Rap hit a lull over the past couple of weeks, where very few mainstream artists put out much of anything. Fans instead focused their attention on a variety of other relevant news (or irrelevant; depending on how you look at it).
Kanye West announced his Jesus is King album will be dropping Sept. 27 (though who knows with him). Kid Cudi’s Man On the Moon: End of Day classic reached its ten-year anniversary on Friday the 13th. And of course, Tekashi 69 is snitching on every human being imaginable in court right now. Okay, that last one was an exaggeration-but you get the point. News stories involving rap were much more frequent than new rap music.
The underground meanwhile was bubbling with creative energy, specifically with the emergence of three notable albums: Sampa the Great’s The Return, JPEG Mafia’s hilariously titled All My Heroes are Cornballs, and Conway the Machine’s meditative Look What I Became.
Sampa the Great – The Return
Here’s quite a statement-Sampa the Great (born as Sampa Tembo) received co-signs from Kendrick Lamar and Lauryn Hill. I repeat, two of the greatest to ever do it gave a shout-out to the Zambia-born, Botswana-raised, Australia-based rapper. Now those are some daunting expectations.
Coincidentally, there’s a clear To Pimp a Butterfly influence within Sampa’s new album–both in style and theme. Much like Lamar’s masterpiece, Tembo explores the universal theme of racial identity (“Final Form”), and how it connects to one’s native land (“The Return”). Her insistence on switching between smooth R&B and hip hop is even reminiscent of Hill’s The Miseducation of Lauryn Hill. Another great project as a point of reference for greatness.
Despite its intimidating length and tedious spoken word passages, The Return is perfect for listeners who want to listen to an album outside of the box. There’ something here for everyone-boombap, jazz, R&B and great lyricism.
Notable lyric: “Never underestimate your highness/Dripped in melanin, Galaxy’s finest/Put a bit of pressure on the spirit of the highest”-from the track “OMG.”
JPEG Mafia – All My Heroes Are Cornballs
Countless sites have already praised Peggy for his satirical wordplay and off-kiltered production. So let me re-iterate, this dude is one of the most talented artists out there. All My Heroes Are Cornballs somehow smoothly transitions from strained auto-crooning (“Jesus Forgive Me, I am a Thot”) to grating metal-rap (“Kenan vs. Kel”) with undying conviction.
Everything should sound so awkward, but it doesn’t. In fact, Peggy’s emphasis on making fun of society’s ales (masculinity being a main focus) is what makes this project so cohesive. He sounds like early Childish Gambino if early Childish Gambino had the ability to string together sardonic metaphors without sounding corny or out of touch (obviously that’s not the case now). Peggy isn’t juts saying things for shock value-there’s weight to his words. The troubling idea of artists being seen as superheroes is explored fully here.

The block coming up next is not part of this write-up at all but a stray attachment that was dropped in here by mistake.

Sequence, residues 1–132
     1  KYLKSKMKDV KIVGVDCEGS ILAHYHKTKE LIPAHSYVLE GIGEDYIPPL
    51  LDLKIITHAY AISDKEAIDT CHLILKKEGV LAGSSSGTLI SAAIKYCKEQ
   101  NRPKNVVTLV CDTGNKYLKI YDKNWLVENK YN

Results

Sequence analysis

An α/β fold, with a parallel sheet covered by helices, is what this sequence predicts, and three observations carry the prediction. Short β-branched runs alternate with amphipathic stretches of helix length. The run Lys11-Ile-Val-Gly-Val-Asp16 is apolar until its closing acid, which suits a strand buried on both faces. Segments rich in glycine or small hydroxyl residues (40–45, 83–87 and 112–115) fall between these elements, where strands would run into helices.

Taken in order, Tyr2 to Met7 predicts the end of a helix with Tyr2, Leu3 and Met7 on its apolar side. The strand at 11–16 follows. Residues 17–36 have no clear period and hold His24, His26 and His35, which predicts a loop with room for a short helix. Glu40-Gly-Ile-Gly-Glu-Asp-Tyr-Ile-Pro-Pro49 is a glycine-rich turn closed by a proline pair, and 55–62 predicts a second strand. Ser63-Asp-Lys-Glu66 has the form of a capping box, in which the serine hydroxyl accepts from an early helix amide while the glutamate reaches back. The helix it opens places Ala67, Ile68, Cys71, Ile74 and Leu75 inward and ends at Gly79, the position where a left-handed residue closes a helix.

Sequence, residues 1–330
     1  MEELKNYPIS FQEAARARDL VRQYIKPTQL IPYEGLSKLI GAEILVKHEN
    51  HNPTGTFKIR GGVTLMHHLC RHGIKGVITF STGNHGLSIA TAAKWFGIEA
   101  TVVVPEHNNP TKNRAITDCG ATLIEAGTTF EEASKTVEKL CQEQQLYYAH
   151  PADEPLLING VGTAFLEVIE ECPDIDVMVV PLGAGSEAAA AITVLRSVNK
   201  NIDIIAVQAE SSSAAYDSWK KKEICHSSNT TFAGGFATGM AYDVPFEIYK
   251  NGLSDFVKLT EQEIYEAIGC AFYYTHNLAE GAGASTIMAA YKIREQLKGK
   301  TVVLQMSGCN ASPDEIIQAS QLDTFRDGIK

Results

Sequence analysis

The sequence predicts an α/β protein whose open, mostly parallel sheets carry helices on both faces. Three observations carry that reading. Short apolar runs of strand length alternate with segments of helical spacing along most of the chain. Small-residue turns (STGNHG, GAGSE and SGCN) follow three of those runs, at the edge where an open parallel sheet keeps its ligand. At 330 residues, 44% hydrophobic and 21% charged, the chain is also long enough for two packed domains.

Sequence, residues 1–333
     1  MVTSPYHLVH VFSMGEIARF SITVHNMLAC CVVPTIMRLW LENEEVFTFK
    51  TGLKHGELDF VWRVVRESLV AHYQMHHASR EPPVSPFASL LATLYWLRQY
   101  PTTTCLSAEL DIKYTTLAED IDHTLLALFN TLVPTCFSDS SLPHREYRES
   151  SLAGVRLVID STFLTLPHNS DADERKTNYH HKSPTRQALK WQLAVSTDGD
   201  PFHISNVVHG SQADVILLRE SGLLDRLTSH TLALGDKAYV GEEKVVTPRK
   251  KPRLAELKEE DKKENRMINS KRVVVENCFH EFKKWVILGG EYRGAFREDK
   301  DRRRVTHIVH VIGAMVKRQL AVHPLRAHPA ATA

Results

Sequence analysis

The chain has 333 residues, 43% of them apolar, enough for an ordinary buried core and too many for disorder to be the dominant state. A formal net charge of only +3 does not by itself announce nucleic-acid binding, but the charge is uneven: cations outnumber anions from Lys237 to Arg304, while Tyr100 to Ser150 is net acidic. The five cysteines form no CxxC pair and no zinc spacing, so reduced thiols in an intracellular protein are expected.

Between its wild titles, intermittent self-evaluations (“Grimy Waifu”), and everlasting sarcasm, JPEG’s third official album plays out like a hilarious South Park season. One filled with merit and great ideas. It’s not without some fire bars as well.
Notable lyric: “Don’t know how that feels, Young Peggy, no deal/Ya’ll deal look like something like Brexit/Bitin’ crackers and wonder why you’re anorexic”-from the track “PTSD.”
Conway, The Machine – Look What I Became
For those rap traditionalists out there, here’s a great project for you. Conway, the Machine has developed a steady following amongst New York’s rising underground (I’m telling you-they will be the leaders of a new generation of rap).
For millennials out there, this is also a great project for you. The run-time is a swift 28-minutes, and Conway showcases an innate ability to inject ear-worm choruses between metaphorical bars about how much better he is than you. Other New York spitters such as Dave East, Jim Jones, Benny the Butcher, and Westside Gunn show up on the mix-tape as well.
Conway experiments with a multitude of different New York sounds. Heavy percussion and dusty drum loops courtesy of Statik Selektah and company make for a very versatile output. There’s a clear Wu-Tang presence in his lyrics, which can also be heard in some of the comical punchlines and grunge aesthetic. His attempt to branch out past their shadow is commendable to say the least-even if some of the R&B passages are cut-and-dry (namely the final track). Regardless, this dark and dingy output will keep fans excited for Conway’s “official” debut album.
Notable lyric: “Invested in the real estate and made safe houses/Same block where I had a K, wildin’, I made thousands/I could take my bricks and make a yay mountain”-from “Hawks.”
Denzel Curry made another banger…not much else to say. This time around, he joins rising British rapper Slowthai for a track with clear horror core influences. People will be bumping this shit until Halloween.